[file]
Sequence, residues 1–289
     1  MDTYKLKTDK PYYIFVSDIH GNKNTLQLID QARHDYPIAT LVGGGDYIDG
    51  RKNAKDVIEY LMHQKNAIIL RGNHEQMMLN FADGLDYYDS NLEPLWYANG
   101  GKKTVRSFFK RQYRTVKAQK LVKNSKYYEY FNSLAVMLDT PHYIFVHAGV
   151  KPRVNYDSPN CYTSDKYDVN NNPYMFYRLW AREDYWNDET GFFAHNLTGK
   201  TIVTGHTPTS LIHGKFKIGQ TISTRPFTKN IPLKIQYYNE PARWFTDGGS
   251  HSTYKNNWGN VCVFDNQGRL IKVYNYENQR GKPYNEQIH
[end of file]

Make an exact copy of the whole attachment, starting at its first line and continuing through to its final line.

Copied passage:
Sequence, residues 1–289
     1  MDTYKLKTDK PYYIFVSDIH GNKNTLQLID QARHDYPIAT LVGGGDYIDG
    51  RKNAKDVIEY LMHQKNAIIL RGNHEQMMLN FADGLDYYDS NLEPLWYANG
   101  GKKTVRSFFK RQYRTVKAQK LVKNSKYYEY FNSLAVMLDT PHYIFVHAGV
   151  KPRVNYDSPN CYTSDKYDVN NNPYMFYRLW AREDYWNDET GFFAHNLTGK
   201  TIVTGHTPTS LIHGKFKIGQ TISTRPFTKN IPLKIQYYNE PARWFTDGGS
   251  HSTYKNNWGN VCVFDNQGRL IKVYNYENQR GKPYNEQIH